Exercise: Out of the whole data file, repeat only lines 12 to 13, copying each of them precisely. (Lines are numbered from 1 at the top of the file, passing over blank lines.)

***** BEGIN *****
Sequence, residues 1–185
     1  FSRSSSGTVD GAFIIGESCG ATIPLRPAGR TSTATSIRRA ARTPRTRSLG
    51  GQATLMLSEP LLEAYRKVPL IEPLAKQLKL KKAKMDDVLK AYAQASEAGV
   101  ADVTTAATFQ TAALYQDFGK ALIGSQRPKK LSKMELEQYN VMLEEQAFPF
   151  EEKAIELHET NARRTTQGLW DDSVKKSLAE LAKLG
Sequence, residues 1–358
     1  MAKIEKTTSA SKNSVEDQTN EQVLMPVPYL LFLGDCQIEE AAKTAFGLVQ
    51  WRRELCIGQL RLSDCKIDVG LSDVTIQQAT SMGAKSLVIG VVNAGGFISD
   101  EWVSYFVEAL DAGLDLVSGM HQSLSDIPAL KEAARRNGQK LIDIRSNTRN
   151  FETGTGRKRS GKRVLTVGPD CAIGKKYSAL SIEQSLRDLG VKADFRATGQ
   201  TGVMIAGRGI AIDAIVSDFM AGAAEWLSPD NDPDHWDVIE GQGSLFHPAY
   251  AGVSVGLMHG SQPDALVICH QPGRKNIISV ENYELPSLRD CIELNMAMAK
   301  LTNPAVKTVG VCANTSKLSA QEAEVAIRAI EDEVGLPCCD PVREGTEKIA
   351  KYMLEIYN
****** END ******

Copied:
   251  AGVSVGLMHG SQPDALVICH QPGRKNIISV ENYELPSLRD CIELNMAMAK
   301  LTNPAVKTVG VCANTSKLSA QEAEVAIRAI EDEVGLPCCD PVREGTEKIA